Now, I did have some logic issues with the plot. Not the actual plot of the story. That was fairly simple and is hardly worth mentioning as this story really only focused on the “romance” and not the circumstances “framing” the romance.

What I had a problem with had more to do with some of the story logic the plot relied on. For instance, part of this story relied on the hero not knowing the heroine was an alien. She’s got that Beauty and the Beast quirk, remember? Yeah, well—she also spends like most of her time slipping up. Saying things and behaving in ways that would’ve flagged she’s an alien to anyone who has IQ enough to tie their shoes. Seriously. It was that obvious.

How long does it take our hero to “put the pieces together?” Like most of the book. It was so outrageous that by the time he was like “so, I know you’re not from Earth. Why? *taps noggin* I’m hella smart” I literally exclaimed in the dead of night to all the crickets watching me read, “Get the f*ck outta here, Sherlock! Like seriously, I kneel before Zod and your powers of deduction.”

That being said, their actual romance does progress very nicely. It was cute and romantic in a way that I think some readers are really going to enjoy.

The Steamy Bits

Well-written and appropriate to the characters.

One thing I must give the author credit for is giving the sex room to grow. Do the hero and heroine have a slightly drunken one nightstand after their first meeting? Yeah, but it isn’t perfect. It isn’t even mind blowing, and that was really nice. Fresh, even. Because it made the second time–when they’re in love and it was great–that much more special.

Paranormal/Sci-Fi Aspects

The aliens and the diversity among them was very well portrayed. I had a clear picture of the few planets and species that were mentioned. I especially loved the way the heroine’s native species was handled. She is an alien from Neptune, and the author took the time to give her species scientific and practical reasons for the way she looked.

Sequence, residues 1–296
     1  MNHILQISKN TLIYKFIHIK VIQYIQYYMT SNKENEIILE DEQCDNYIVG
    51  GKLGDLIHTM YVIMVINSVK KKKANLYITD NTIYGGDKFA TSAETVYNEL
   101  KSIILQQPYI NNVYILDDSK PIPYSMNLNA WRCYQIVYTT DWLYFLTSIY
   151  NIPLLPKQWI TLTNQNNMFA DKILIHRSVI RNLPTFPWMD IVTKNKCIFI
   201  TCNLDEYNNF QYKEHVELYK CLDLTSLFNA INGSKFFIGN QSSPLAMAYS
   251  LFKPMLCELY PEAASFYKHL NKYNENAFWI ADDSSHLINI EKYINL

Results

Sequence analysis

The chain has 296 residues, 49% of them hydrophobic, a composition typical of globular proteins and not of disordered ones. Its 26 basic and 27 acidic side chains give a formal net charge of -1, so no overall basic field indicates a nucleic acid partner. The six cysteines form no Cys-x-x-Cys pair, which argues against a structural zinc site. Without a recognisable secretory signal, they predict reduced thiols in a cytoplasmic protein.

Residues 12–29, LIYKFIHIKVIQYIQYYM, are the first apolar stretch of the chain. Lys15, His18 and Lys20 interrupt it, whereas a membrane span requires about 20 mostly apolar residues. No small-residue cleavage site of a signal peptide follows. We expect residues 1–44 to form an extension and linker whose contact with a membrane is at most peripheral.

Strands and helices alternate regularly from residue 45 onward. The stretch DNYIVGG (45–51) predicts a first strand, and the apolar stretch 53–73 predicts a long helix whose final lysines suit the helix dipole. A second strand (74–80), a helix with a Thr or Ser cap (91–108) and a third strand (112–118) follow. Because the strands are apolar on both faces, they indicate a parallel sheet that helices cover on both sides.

For instance, she had tentacles? Why? Because Neptune is far away from the sun and light is hard to come by. The tentacles helped her “see” like a bat’s sonar.

Or what about the gills? Neptune’s atmosphere is thin and they helped her body absorb oxygen more efficiently to help supplement what she couldn’t take in through her lungs. Brilliant.

If more detail had been needed about the other aliens we glimpsed in this book, I’m sure they would’ve been just as cool. The author’s aliens, the culture and their impact on the humans in her world were all superbly done and my favorite part of the book.

Style and Presentation

Some of the dialog was good. Some of it was ridiculous. Most of the ridiculous lines came from the hero. I’ve been surrounded by military men my entire life, I’ve never once heard any of them wax on all poetically the way the hero in this book did. About his feelings! (Yes, this is the very same guy that was supposedly “alpha.”) Of course, I wouldn’t have minded if it had been backed up with a line where the reader found out about the hero’s fondness for reading, poetry or something similar.

As it was, it smacked of unbelievable and amusing sometimes. It really was very obvious that this man wasn’t “real.” He was a woman speaking as a man. If you took away the dialog tags on a ream of conversation between the hero and heroine, you’d find that a) they mostly sounded the same OR b) you’d probably think the heroine was the dude.

Otherwise, the book was very well-written. The setting description was especially lush.

Presentation: Book Cover

I haven’t usually included this in my reviews as a point of remark, but it needs to be said—the cover is lacking. It doesn’t really do the story justice, and I (as a reader) wouldn’t have been compelled to purchase the book based on the cover. I would definitely recommend it be redone simply as a selling point.

Closing Notes and Recommendation

If you’re just looking for a light, romantic read to warm your space shuttle—this is the one. (It’ll go nice with eggnog.)

Length: Novella

Genre: Science Fiction Romance

Primary Book Format: e-Book

Publisher/Imprint: Purple Sword Publications

Blush Quotient: Shimmering Pink

Smart Girls Rating: 3 Star

Buy it Here: Amazon

Find out more info about the author and series here: Author Website

(Disclaimer: This book was provided by the author in exchange for an honest review.)